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Goods that do good

The Enquirer - Cincinnati

The baskets came from Bangladesh. The chocolate bars were made in Ghana. A matching necklace and earrings were handcrafted in Peru.

McNicholas High School’s social justice group, Change!, hosted its first Fair Trade Sale on Monday at the Mount Washington school. Students sold crafts and other products made in 18 countries, mostly from Asia and Latin America, along with a few African countries.

Shoppers snapped up 20 bags of coffee from various countries.

Joey Sandmann, an 18-year-old McNicholas senior, bought a bag of coffee from Costa Rica.

“I’m in a dilemma because I want to make this coffee, but it’s also a great Christmas present,” he told his friends.

The sale was held in cooperation with Catholic Relief Services and Work of Human Hands, a partnership of the Catholic agency and A Greater Gift, which brings handicrafts from disadvantaged producers all over the world.

Purchases help small-scale artisans and farmers earn a fair price for the items they create, organizers say. All items were less than $25.

“It’s really not a fundraising opportunity so much as an opportunity to raise awareness within the school around a way to participate in the global economy,” said Jeff Hutchinson, a religion teacher who works with the Change! group. “It ensures a living wage for the people producing it … It’s a very concrete way for students to see how they can address poverty.”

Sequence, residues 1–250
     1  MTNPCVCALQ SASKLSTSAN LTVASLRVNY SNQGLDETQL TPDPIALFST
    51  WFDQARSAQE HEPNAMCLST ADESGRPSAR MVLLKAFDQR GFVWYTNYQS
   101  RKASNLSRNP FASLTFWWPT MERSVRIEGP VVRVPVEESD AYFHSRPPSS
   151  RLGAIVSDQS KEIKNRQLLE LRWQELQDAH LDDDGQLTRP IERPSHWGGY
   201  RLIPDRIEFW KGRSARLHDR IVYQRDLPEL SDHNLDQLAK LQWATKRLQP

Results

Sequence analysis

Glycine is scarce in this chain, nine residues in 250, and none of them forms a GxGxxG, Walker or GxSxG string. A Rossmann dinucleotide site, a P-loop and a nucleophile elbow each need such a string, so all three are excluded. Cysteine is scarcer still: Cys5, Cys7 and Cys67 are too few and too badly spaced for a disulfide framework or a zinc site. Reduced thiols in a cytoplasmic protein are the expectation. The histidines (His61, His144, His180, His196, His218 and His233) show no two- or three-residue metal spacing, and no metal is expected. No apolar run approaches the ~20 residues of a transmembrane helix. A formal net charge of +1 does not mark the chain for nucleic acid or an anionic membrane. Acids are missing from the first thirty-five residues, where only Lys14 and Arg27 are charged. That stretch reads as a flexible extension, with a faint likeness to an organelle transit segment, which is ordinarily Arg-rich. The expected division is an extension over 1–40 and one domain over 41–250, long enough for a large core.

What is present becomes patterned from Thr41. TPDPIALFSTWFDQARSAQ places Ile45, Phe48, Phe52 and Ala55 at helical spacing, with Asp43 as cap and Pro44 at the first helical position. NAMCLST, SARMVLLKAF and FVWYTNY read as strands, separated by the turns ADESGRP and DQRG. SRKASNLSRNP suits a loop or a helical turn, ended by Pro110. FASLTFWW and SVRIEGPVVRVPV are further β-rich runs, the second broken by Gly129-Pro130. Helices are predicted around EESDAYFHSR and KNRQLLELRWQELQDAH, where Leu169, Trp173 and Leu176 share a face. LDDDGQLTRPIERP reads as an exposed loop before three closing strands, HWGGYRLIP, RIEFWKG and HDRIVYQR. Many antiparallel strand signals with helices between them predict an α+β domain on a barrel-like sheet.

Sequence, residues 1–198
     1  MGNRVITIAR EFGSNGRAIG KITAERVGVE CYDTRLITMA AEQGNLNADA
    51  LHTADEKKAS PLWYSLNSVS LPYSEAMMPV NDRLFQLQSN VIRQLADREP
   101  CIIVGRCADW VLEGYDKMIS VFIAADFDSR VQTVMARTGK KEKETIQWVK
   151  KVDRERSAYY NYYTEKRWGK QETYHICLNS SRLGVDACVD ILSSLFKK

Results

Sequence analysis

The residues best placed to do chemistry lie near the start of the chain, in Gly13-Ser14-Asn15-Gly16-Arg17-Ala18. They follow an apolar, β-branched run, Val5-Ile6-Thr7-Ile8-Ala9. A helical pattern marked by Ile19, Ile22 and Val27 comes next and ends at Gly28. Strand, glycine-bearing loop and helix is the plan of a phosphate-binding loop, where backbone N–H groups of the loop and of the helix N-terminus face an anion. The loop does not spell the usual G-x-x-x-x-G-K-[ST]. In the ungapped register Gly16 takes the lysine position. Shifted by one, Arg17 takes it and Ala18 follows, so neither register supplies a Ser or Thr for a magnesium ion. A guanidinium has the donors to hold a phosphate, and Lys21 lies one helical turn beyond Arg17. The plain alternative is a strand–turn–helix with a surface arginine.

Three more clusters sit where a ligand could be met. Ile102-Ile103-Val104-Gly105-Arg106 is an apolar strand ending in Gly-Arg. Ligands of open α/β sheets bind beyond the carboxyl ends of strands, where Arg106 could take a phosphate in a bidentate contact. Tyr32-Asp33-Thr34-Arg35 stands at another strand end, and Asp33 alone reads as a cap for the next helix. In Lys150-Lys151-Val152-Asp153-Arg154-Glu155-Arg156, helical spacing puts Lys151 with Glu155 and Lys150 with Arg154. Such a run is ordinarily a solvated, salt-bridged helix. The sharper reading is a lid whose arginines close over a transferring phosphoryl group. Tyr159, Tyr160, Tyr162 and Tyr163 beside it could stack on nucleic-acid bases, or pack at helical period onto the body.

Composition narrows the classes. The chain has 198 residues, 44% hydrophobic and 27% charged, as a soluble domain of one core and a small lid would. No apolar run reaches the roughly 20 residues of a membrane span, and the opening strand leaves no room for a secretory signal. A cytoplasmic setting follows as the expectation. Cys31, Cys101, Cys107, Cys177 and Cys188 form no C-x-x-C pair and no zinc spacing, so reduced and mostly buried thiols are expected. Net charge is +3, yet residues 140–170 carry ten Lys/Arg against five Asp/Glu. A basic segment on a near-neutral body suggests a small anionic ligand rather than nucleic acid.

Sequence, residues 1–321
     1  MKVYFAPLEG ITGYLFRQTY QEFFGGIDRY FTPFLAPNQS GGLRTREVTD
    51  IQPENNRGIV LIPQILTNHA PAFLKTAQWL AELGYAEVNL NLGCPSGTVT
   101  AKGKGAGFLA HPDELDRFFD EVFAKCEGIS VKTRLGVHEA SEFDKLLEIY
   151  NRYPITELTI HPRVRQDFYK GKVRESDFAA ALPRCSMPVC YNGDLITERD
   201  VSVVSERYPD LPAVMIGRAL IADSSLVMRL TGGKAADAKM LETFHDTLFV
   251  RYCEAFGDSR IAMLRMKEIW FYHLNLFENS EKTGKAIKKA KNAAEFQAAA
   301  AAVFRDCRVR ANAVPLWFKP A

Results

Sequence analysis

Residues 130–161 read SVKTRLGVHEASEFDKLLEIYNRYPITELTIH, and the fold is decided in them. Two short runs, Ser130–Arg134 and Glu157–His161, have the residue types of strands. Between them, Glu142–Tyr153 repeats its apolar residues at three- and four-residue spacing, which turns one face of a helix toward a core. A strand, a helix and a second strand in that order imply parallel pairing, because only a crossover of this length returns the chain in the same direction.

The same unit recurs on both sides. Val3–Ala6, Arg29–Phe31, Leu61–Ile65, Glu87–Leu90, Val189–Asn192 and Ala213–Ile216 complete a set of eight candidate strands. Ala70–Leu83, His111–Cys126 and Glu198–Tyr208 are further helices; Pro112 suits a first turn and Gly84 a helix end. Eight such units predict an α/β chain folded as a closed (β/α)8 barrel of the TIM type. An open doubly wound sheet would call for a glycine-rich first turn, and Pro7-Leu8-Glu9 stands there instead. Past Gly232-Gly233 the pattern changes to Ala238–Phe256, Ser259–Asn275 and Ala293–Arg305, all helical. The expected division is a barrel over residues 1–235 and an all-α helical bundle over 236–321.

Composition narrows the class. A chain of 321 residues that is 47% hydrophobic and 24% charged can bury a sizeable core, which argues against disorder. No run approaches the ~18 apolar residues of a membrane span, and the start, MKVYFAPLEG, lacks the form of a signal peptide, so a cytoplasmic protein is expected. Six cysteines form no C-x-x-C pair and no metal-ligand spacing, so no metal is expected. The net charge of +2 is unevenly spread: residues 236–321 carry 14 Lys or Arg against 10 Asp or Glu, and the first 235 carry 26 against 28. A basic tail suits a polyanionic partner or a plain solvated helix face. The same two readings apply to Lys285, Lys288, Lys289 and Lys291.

Students are concerned about the issue of child labor, he said. A Fair Trade certification requires protection of children.

“Education is the primary place and learning environment for children,” Hutchinson said. “Part of what happens, too, is by paying more significant wages to the adults producing these handcrafts or the chocolate or coffee, it allows them to ensure that their children are in school instead of in the fields with them or producing with them.”

Mary Ellen Fellinger, mother of a McNicholas senior, was shopping for gifts for co-workers. She held a box of candlesticks from Pakistan.

“I think this is so much better than just going to a regular store and just buying things that everybody else buys,” the Stonelick Township woman said. “Everything here is just so unique.”

Lizzie Glaser, 18, a senior member of Change!, helped at the sale.

“Everything is flying off of the tables,” she said. “I didn’t really expect that … It’s so great that if you’re socially conscious you can do stuff like this, and you can help people have a better life just by being aware of the products that you purchase.”


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